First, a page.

How this kind of sentence is built with a noun phrase (gerund):
The gerund phrase here is: telling me to leave.
"Telling me to leave [noun phrase] is not the best idea they had that night."
English often uses gerund phrases: playing tennis, singing songs, sailing boats.
All those can be used as subjects in sentences or objects in sentences.
These gerund phrases can be placed after the direct object of certain transitive verbs and listen to [someone] which is intransitive:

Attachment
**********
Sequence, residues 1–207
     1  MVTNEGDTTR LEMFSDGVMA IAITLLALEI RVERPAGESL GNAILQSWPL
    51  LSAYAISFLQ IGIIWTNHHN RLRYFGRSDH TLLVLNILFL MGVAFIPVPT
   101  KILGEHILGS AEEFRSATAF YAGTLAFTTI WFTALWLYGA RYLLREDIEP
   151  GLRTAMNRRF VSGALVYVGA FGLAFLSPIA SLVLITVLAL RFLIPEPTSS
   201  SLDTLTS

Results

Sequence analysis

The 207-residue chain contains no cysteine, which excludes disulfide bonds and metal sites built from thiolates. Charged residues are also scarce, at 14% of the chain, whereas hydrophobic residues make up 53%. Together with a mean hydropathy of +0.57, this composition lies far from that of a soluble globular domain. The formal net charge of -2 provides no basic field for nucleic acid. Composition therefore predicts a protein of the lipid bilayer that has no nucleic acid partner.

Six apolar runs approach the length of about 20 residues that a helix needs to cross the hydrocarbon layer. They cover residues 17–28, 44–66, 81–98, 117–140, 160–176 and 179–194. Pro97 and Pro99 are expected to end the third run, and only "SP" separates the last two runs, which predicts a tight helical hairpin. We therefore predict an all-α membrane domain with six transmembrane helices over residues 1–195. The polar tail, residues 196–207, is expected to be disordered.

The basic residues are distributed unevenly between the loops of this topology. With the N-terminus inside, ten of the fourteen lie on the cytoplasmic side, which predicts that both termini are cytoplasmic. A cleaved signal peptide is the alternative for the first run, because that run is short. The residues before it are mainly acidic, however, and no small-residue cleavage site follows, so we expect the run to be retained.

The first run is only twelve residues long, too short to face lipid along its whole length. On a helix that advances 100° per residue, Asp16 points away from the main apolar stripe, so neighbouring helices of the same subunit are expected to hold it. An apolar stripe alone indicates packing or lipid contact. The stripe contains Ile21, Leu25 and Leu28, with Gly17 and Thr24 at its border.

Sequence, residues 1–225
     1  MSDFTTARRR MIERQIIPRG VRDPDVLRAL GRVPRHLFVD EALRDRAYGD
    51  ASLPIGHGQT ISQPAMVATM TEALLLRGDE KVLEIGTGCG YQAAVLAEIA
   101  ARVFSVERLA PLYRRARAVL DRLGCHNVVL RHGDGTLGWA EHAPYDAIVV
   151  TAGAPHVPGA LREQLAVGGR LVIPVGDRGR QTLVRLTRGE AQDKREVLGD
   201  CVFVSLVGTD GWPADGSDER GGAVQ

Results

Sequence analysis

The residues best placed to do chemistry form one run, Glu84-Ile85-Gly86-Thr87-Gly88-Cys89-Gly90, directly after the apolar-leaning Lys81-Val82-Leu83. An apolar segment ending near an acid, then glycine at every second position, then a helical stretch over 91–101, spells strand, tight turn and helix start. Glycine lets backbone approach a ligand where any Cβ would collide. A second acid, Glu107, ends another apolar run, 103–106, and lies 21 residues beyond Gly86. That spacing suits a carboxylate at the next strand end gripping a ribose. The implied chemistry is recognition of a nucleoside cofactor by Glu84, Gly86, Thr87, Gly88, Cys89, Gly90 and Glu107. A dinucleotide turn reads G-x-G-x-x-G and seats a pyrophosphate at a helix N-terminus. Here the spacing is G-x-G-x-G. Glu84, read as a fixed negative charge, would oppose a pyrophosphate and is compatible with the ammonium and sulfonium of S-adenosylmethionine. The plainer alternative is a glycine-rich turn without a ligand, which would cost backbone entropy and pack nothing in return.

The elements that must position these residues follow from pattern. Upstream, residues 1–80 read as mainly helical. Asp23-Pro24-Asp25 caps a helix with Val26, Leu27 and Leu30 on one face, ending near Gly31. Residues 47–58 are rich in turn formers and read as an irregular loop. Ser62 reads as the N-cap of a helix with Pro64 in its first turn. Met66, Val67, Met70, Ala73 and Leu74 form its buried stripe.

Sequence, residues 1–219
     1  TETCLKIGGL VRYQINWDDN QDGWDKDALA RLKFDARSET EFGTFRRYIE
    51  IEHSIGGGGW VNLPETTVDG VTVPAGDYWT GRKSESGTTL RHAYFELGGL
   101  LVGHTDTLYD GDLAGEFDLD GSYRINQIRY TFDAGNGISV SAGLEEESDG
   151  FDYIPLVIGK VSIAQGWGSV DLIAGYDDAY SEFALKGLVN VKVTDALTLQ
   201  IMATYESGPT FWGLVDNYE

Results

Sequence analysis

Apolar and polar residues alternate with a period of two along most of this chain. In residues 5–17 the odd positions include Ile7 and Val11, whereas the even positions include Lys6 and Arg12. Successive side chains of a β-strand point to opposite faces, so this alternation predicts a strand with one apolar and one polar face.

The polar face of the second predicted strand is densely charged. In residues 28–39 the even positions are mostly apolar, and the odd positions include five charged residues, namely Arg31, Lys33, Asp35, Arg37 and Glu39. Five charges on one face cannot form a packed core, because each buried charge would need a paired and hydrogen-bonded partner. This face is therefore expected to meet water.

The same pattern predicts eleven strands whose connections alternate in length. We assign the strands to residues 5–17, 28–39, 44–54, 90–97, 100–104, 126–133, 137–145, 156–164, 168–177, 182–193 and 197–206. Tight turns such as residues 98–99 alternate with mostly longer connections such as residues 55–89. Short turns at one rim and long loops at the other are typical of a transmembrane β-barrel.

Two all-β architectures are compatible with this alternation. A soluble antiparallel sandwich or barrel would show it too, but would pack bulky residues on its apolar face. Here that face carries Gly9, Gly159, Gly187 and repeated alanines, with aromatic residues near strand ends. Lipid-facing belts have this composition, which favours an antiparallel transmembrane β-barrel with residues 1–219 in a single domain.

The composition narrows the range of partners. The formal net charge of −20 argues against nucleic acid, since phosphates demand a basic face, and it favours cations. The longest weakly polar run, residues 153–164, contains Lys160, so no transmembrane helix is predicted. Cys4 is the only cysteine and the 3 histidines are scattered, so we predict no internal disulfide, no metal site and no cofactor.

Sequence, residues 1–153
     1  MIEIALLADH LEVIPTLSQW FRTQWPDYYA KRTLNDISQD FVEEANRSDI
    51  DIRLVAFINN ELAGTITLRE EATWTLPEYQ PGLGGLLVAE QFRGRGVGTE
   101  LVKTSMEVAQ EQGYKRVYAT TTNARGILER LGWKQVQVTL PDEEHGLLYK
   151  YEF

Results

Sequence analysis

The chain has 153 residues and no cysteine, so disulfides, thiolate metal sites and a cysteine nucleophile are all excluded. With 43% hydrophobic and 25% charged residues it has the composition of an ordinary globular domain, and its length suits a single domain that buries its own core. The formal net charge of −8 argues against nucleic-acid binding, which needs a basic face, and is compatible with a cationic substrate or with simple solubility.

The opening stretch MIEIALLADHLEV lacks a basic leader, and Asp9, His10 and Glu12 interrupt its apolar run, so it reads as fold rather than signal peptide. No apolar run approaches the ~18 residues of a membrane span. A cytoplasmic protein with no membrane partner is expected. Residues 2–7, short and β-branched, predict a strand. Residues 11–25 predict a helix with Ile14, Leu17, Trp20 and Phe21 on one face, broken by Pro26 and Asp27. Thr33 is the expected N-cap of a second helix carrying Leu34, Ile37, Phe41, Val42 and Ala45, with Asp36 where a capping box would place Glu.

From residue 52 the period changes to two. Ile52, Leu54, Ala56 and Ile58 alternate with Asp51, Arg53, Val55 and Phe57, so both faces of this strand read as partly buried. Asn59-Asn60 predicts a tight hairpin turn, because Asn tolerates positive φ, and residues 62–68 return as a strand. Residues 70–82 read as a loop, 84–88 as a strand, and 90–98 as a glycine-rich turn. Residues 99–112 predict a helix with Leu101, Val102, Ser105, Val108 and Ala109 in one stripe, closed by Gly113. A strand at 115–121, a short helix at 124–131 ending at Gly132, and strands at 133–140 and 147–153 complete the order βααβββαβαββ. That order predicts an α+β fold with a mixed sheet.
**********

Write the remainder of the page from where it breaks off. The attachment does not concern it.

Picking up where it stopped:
- listen to someone [+ noun phrase], listen to someone singing in the night
- find someone [+ noun phrase], find someone sitting around and doing nothing
describe someone [+ noun phrase], describe someone studying their Latin
Listening to someone [I don't know] suddenly telling me to leave was not fun.
Although tell is not technically "wrong" (listen to someone tell me to leave), using the gerund fulfills the idea of an activity as opposed to a one-time action:
- I don't want to listen to someone tell me to leave (again).
If "tell" is used or another verb that is not a gerund, it sounds like a one-time action.
- I don't want to see anyone play tennis (today).
- I don't want to see anyone playing tennis (the activity)